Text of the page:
We are moving to…

Dear Readers,

Thank you for all your support. It’s been 4 years since ArtZine SG started in 2008 so we decided it’s time to tweak the website design and improve the magazine.

In the meantime…

Visit and bookmark our new weblink! >> artzinesg.com

If you would like to advertise with us on the new website,
explore partnerships/promotions/sponsorships with us,
submit press releases/media invites/event listings please contact us at info.artzine@gmail.com

If you would like to help us by writing articles or taking photos, please contact
valerie.artzine@gmail.com 

Or if you’ll like to receive updates from us, please sign up at the new weblink artzinesg.com

Take care and see you soon.

ArtZine SG
Singapore Online Art Magazine 

Music Therapy

Since 2005, Slovakia has been experimenting with the effects of music therapy. One and two day old babies listen to classical music through headphones (and mighty large ones, I may add) as part of the program. Doctors believe that music therapy helps newborns reduce stress and stay healthy. The newborns receive five sets of 20-minute sessions each day.

What is it about music that evokes emotion? And what goes on in such a session?

There’s also news that listening to classical music is nonsense! “Being force-fed classical music and foreign languages does not make a child genius. In fact, it can lead to anxiety and aggression,” says author Carl Honoré.

So what is the truth? Continue reading

Self-Portraits



By: Valerie Oliveiro

Traces of the earliest portraits were of funeral portraits in Egypt. It was only much later in the Early Renaissance (mid 1400s) that artists began depicting themselves as the main subject or as an important character in their works. For Rubens and Rembrandt, they were just faces in a crowd but when historical scenes were depicted, the artist often modelled the characters after himself. Therefore, the painting doubled as a portrait and a historical painting. Continue reading

Spotted! Manu Larcenet’s comics

French comic artist, Manu Larcenet

In a world full of chaos, you yearn for an answer. You search for solace that the world cannot give. Taking photographs enable you to catch fleeting moments of peace in the midst of uncertainties and human vunerability. Yet you question the place and purpose of your art in your life and in the world at large.

This week in Illustration, ArtZine takes a look at French comic artist Manu Larcenet’s comic entitled “Ordinary Victories” that talks of Marco, who’s caught in the world described above.

Continue reading

Get ready to HIGHLIGHT!

It all started with a simple question – “How therapeutic is art?”

I read an article published on Aug 22 on ScienceNews.org that explained that “play therapy and art therapy encourage youngsters to express and control traumatic experiences through these activities.” Despite being used throughout USA, the effectiveness of these therapy forms could not be determined by the therapists.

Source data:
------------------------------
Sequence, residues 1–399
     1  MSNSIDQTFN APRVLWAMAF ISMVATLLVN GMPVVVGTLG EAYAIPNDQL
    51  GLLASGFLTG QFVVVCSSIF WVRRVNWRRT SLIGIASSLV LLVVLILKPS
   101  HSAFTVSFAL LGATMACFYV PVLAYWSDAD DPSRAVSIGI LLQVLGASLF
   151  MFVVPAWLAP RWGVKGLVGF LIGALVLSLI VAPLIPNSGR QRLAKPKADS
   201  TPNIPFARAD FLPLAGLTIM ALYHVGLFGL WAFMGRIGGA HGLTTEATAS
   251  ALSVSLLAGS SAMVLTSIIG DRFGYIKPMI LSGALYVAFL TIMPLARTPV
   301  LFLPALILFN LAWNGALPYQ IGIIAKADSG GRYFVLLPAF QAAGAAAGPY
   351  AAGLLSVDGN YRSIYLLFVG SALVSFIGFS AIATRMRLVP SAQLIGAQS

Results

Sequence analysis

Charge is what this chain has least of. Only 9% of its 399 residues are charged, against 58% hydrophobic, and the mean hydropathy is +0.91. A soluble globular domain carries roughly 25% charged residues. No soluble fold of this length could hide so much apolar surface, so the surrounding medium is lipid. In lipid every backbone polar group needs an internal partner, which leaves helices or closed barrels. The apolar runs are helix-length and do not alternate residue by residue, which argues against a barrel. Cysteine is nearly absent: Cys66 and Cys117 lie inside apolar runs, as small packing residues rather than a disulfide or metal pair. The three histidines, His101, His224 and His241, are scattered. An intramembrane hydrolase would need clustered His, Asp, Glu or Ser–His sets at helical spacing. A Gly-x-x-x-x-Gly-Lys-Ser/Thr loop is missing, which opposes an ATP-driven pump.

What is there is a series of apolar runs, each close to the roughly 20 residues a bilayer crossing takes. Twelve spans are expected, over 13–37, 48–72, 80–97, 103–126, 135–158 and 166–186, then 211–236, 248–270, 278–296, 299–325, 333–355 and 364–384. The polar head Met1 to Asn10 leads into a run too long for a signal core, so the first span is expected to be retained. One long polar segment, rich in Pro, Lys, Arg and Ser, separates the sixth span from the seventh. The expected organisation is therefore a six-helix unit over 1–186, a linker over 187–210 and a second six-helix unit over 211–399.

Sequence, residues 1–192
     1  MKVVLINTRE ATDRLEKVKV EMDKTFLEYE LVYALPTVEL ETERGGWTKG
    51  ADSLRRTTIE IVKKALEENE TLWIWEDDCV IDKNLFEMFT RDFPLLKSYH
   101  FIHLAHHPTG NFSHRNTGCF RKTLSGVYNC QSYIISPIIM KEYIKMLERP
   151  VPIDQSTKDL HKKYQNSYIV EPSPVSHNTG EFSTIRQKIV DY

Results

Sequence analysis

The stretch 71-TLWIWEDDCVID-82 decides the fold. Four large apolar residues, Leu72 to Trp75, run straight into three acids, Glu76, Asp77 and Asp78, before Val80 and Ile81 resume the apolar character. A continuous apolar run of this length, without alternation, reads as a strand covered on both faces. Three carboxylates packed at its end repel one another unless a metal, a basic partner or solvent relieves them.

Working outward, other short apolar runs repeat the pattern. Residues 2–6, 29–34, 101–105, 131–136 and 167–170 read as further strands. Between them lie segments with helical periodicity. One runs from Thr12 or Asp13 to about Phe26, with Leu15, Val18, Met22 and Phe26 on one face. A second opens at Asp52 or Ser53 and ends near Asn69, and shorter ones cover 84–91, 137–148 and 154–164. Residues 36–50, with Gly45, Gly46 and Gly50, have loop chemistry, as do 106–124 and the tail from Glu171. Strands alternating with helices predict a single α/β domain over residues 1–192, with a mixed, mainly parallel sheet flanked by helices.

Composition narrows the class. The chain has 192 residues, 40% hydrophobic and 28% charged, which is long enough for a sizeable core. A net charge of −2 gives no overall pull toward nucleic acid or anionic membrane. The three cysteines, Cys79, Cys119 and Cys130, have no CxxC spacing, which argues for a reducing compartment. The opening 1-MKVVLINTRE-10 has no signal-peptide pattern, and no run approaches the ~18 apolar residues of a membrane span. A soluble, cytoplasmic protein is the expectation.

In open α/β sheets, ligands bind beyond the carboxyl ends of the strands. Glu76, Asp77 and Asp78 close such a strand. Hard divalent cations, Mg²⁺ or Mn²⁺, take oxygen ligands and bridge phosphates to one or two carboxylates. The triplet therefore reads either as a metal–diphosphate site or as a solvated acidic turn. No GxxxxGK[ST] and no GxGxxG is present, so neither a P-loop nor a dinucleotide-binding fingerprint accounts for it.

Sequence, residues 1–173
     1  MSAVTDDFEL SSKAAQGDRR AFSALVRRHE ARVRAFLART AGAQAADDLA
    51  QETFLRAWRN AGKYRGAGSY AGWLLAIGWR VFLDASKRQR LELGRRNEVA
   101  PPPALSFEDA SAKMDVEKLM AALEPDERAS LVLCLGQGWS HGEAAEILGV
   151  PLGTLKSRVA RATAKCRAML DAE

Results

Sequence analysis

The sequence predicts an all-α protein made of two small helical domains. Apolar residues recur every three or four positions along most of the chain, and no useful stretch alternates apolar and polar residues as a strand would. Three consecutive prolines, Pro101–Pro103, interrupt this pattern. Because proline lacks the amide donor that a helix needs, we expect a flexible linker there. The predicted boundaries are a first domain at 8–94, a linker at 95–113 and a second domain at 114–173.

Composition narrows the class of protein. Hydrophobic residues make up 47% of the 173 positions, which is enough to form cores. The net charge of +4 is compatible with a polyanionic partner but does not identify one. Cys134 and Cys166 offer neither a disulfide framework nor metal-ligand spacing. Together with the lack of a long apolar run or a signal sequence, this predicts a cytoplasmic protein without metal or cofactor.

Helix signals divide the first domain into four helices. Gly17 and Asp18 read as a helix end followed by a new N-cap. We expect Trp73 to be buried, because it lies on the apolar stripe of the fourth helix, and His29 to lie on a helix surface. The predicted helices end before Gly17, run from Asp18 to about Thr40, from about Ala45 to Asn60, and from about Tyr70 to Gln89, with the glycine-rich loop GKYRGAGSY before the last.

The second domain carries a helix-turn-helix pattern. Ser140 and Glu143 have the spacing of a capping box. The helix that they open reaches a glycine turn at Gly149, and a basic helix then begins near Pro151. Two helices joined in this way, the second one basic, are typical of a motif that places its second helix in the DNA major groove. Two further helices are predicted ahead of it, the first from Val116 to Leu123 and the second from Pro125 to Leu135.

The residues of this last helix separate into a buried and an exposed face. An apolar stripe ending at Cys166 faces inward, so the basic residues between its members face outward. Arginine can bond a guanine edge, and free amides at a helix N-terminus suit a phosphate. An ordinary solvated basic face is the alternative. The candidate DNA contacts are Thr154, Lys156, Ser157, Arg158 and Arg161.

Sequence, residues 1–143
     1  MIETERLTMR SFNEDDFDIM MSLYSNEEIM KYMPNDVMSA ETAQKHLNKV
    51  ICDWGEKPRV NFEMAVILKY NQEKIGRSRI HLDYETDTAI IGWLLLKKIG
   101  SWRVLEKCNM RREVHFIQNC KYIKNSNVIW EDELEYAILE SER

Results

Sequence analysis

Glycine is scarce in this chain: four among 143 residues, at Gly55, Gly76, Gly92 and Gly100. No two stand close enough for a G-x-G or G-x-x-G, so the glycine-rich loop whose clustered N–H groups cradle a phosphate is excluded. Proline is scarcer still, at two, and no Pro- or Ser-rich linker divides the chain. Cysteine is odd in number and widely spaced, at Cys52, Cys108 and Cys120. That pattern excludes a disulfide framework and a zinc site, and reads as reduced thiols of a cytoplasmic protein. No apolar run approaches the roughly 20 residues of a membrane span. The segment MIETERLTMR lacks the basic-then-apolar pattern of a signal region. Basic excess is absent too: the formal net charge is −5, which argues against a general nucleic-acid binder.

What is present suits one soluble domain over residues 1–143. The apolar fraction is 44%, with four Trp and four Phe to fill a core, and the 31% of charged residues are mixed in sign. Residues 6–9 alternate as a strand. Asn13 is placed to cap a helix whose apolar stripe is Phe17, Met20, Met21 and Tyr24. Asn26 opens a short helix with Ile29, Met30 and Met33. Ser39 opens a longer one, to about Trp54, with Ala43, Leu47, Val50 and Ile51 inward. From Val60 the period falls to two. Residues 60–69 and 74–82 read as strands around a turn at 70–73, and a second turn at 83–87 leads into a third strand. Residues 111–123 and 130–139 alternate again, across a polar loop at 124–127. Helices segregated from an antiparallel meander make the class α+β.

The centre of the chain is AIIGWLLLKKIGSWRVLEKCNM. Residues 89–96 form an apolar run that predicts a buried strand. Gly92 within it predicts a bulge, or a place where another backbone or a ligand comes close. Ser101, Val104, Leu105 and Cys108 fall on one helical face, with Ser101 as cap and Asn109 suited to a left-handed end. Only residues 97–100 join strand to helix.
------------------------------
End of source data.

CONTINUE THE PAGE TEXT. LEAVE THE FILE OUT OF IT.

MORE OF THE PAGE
These 4 words – “How therapeutic is art?” – sparked off the popping up of 13+ windows on my screen as I searched about art therapy. The more I thought about the question, the more sub-questions and headings formed.

Art therapy for kids? for prisoners? How useful is it? Is it really changing lives? If I drew something, would the therapist be able to tell me details like what’s bothering me? How does one become an art therapist? Is there a market for art therapy in Singapore? Would parents spend to send their kids to art therapy? How long must one go for therapy? 6-8 months? A year? What happens during a session? Can I draw anything? Anything – really?

ArtZine‘s aim is simple.
We want to provoke ideas and discussions through our news-inspired or thematic content.

Questions are most welcomed here. Got a burning art question? Ask it here.

As for all the above questions, we’ll definitely get them answered in our new section called…


A fitting name for the section. Highlight to us a topic you’d like to know more about, issues you feel should be discussed or even simply questions that came to mind while you were in the train/car.

In fact, we’ve found a quick and easy way for you to Highlight to us anything you’ve come across on the Web.

Highlighted, marked and proven by Preetam Rai (oh we’re loving the puns), The Awesome Highlighter is the way to go if you want to send ArtZine a quick note with a link to the text on a webpage that you’d like to highlight. True to its name – it is really awesome. Take a look –

1) Go to Awesome Highlighter.com

2) Enter the URL of the page you want to highlight.

3) The website will show up below the Highlighting panel so use your mouse to highlight text that you want to share with us.

4) After highlighting, attach a quick note to us too! Here’s how:

Remember to leave us your full name and your email address/website so that we can credit the idea to you!

5) Click done and you will be given a URL. This will allow us to view what you’ve highlighted.

Copy-paste the link and Drop it to us under Comments.

While we answer your burning questions, you can view other readers’ HIGHLIGHTS and add comments!

Encourage your friends to join in by sending them this image –

Link them to this article so that they’ll know how to get started.

Happy HIGHLIGHTing!

ArtZine